The Tax Cut and Jobs Act (TCJA) completely overhauled the tax code, and if you’ve yet to take full advantage of the benefits offered by the new tax law, now is the time to do so. 

 

To qualify for some TCJA’ tax benefits, you’ll need to act by December 31, so don’t wait to get started. The following 4 tips could save your family big money on your 2019 tax bill. That said, there may be other strategic opportunities for savings, so contact your Personal Family Lawyer® to be certain you haven’t missed any.

 

1. Rethink itemization

Under the new tax law, itemizing your deductions might no longer make sense. That’s because the TCJA increased the standard deduction up to $12,200 for individuals and $24,400 for married couples filing jointly. So, if you're filing a joint return, you need more than $24,400 in itemized deductions to make itemization worth it.

The law also places new limits on itemized deductions, including a $10,000 cap on property taxes, and the elimination of state and local income-tax deductions.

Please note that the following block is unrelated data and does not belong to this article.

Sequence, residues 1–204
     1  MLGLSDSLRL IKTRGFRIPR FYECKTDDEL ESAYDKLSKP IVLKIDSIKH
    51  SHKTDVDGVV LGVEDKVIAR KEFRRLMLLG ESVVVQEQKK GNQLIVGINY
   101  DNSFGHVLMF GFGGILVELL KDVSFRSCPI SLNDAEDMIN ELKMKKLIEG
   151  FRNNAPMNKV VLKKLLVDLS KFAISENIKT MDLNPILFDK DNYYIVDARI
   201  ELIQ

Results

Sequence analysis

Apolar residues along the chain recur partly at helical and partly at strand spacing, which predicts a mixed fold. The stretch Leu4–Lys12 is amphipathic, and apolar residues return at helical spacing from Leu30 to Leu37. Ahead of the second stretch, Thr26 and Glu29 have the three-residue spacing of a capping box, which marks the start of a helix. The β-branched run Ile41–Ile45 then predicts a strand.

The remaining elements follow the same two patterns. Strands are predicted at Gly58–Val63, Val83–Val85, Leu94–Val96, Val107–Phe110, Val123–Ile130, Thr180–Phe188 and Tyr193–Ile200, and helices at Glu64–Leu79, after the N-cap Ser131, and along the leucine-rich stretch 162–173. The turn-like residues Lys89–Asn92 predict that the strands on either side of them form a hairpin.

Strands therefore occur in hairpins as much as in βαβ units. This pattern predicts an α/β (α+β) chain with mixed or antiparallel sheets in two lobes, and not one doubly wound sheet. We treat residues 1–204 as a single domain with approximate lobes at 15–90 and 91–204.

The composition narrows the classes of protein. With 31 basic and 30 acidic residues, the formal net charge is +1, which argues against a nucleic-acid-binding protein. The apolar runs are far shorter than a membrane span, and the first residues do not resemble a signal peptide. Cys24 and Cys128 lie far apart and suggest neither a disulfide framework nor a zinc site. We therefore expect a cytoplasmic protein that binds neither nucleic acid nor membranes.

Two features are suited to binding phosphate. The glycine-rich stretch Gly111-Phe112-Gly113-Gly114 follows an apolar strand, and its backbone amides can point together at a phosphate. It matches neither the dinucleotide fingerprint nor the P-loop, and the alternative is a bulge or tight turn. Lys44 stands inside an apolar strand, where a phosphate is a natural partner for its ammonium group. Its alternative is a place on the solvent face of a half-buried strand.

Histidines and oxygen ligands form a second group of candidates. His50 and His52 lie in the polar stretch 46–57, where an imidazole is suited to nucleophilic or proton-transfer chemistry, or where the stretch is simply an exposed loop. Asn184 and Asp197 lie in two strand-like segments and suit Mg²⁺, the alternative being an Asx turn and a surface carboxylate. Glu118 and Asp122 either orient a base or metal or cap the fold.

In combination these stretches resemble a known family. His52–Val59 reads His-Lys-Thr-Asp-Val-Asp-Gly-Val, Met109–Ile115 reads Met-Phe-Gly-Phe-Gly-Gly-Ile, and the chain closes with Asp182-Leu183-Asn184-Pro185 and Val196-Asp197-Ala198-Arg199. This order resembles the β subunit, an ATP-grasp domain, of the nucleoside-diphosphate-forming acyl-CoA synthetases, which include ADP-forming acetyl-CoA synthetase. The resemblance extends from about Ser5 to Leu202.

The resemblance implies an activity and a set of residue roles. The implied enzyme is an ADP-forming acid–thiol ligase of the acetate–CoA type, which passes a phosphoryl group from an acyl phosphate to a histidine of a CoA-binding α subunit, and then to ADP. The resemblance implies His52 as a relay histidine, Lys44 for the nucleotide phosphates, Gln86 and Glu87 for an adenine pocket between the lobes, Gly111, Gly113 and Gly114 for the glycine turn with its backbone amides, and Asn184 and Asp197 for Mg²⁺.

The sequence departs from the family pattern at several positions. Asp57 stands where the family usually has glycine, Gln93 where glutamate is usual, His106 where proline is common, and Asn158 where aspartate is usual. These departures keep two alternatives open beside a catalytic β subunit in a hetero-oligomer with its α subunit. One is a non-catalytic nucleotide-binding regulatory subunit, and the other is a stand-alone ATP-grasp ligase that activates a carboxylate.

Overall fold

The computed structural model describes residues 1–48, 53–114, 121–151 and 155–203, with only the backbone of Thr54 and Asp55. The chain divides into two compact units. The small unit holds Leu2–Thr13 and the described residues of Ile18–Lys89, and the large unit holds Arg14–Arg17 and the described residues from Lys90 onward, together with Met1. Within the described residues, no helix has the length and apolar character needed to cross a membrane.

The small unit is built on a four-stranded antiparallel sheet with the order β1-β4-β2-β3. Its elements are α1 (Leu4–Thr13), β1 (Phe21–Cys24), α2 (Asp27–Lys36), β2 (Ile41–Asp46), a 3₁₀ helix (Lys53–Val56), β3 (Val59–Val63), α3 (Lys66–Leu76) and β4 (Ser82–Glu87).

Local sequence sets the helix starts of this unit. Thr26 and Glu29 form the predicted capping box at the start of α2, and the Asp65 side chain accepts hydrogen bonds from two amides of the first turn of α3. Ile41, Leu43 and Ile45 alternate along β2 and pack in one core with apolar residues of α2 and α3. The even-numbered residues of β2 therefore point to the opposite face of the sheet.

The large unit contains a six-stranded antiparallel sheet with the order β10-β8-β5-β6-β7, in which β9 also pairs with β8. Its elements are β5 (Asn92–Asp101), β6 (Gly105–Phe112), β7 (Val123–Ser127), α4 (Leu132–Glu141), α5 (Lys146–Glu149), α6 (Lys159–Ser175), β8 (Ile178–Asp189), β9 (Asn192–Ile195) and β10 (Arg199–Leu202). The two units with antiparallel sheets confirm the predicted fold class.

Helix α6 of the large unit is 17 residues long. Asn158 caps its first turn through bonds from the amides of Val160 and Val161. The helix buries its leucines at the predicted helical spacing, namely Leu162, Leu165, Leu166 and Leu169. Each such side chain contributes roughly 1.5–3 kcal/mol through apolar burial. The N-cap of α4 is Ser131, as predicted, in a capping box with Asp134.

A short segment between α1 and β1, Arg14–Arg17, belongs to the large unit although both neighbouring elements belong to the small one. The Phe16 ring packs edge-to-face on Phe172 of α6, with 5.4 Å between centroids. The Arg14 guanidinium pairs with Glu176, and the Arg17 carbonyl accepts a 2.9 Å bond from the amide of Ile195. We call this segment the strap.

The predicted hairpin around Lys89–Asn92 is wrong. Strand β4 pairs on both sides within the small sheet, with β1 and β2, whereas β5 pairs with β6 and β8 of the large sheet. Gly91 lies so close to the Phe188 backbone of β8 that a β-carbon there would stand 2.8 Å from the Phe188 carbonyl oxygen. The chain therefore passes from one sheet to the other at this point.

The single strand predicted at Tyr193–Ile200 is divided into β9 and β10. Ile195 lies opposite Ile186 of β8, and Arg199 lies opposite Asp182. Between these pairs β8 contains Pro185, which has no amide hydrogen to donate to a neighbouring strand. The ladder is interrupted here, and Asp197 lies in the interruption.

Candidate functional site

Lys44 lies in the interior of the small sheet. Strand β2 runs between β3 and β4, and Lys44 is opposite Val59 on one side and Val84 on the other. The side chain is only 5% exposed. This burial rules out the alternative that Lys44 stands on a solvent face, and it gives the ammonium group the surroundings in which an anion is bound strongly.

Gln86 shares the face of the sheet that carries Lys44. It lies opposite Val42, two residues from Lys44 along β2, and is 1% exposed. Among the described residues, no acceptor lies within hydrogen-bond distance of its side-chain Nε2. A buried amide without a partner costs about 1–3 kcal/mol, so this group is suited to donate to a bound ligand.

Given these changes, taking the standard deduction might be the best option, but other factors, such as your health expenses and charitable giving, could affect your decision, so consult with us and/or your CPA to make sure.

 

2. Maximize contributions to retirement accounts

By maximizing your contributions to tax-deferred retirement accounts like IRAs and 401(ks), you can not only save for retirement, but also reduce your taxable income for 2019.

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Does Your Home-based Business Qualify for the Home Office Deduction?

According to the Small Business Administration, about 50% of all businesses are home-based.

If you are one of the many owners of a home-based small business, you should consider whether your home office meets the IRS requirements for the home office deduction, which is a sometimes overlooked way to reduce taxes.

 

How Do I Qualify for the Home Office Deduction?

Although the home office deduction was eliminated for employees as part of the 2017 tax reform, owners of home-based businesses may still take advantage of this deduction as long as they meet the following requirements set out by the IRS.